Friday, March 31, 2023

A Visit To The National Holocaust Monument

 The National Holocaust Monument lies across the street from the Canadian Firefighters Memorial, dedicated in memory of the victims of the darkest chapter of the Second World War. Over the course of the winter, access is only possible from the west side. This view, from the east, includes the Canadian War Museum in the background.

I headed towards the west entrance. The monument is a collaboration- Daniel Libeskind designed the architecture with its harsh angles, entirely appropriate to the subject. Claude Cormier handled the landscaping architecture. Historian Doris Bergen, Gail Lord, and Dov Goldstein consulted. And photographer Edward Burtynsky contributed photographs etched onto the walls.

Inside, we see two of Burtynsky's works. He photographed places connected to the Holocaust as they appear in the current day. At left is Hiding Place, Warsaw Jewish Cemetery, Poland, depicting a trench beneath tombstones which became a hiding place during raids. At right is Prayer Room, Theresienstadt, Czech Republic.

A look west.

Here we have Track 17, Berlin, Germany, a place that was the starting point for many trains taking Jewish prisoners and others to the killing sites.

Abandoned Railbed, Treblinka, Poland shows how quickly nature reclaims. It was along this rail spur that nearly a million people were taken to the death camp.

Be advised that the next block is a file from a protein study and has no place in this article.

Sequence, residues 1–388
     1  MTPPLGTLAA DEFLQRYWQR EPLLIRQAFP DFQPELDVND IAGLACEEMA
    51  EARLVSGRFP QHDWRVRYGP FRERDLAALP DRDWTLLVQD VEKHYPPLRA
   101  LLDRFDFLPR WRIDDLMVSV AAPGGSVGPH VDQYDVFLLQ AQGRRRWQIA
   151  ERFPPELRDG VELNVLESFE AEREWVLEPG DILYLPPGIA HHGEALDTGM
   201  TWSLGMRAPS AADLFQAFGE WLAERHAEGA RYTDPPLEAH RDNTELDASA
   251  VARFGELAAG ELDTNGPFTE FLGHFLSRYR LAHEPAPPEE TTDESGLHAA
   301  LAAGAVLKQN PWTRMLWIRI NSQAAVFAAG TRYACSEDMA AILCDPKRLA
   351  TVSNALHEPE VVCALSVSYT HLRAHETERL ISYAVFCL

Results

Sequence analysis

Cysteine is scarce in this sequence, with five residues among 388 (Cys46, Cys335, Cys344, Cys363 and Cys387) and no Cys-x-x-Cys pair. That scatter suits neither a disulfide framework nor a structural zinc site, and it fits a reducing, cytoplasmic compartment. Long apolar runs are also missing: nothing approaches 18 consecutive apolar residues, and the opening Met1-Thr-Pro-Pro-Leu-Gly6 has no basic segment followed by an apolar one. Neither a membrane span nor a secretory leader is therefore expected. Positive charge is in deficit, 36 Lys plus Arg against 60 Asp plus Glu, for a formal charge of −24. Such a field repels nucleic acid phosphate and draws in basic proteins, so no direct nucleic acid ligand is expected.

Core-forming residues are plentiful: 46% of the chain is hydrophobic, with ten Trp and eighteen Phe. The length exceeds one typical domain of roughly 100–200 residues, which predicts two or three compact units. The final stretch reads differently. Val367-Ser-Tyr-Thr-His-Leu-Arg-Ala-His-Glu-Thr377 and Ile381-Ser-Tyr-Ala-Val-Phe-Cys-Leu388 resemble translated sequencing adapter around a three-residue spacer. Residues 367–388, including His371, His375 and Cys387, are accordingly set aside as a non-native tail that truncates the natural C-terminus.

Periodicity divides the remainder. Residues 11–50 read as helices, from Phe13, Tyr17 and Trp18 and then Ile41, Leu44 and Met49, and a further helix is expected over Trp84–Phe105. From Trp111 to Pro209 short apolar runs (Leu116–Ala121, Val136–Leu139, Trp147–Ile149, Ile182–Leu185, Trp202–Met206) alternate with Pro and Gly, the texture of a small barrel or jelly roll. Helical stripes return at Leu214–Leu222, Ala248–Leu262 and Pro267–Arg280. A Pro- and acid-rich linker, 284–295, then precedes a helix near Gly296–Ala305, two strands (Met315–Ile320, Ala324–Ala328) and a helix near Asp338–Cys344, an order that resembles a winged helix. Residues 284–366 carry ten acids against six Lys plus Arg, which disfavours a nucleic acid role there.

A look east here. The staircase to the overlook is closed off for the winter.

Fence, Auschwitz-Birkenau, Poland is appropriately stark.

Late in the war, aware that they were running out of time to hide their crimes, the Nazis took prisoners out and forced them on what was effectively a death march away from those areas where they were losing ground. Site Of Death March, Near Mauthausen, Austria depicts a place as it looks today. In April 1945, 20 000 Jewish prisoners were marched along this road. Anyone who couldn't keep up were shot and left in the ditches.

A series of panels across from it tells the story of the Holocaust.

My last shot features where I came in, with the west entrance and the War Museum beyond.

Thursday, March 30, 2023

The Memorial To Fallen Firefighters

 The Canadian Firefighters Memorial is a monument located at Lebreton Flats, west of the downtown core, near the War Museum. It is meant as a national memorial (the city has an Ottawa memorial for firefighters at City Hall), and it is home to a national service of remembrance each September. It consists of a large firefighter statue and pole on one side of the property, and a wall of names on the other. Landscaping around the grounds is deliberate- with trees that turn red in the fall, and are often the first to grow back after a fire.

The firefighters prayer is engraved here.

The names are organized by province and territory, from west to east, each separated from each other by enough space to differentiate. Whether they have died directly in the line of duty or of diseases related to the job, their names are here. Each year, more names are added.

The view here includes the headquarters of Library and Archives Canada off in the distance, and just a glimpse of one of the towers on Parliament Hill.

I have attended some of the services of remembrance here, as some of you may remember. It was here that I first met the blogger known as Furry Gnome- his son William Hilts was a water bomber pilot who died in the line of duty fighting a forest fire several years ago. He was based out of BC at the time, and his name is seen here at lower left.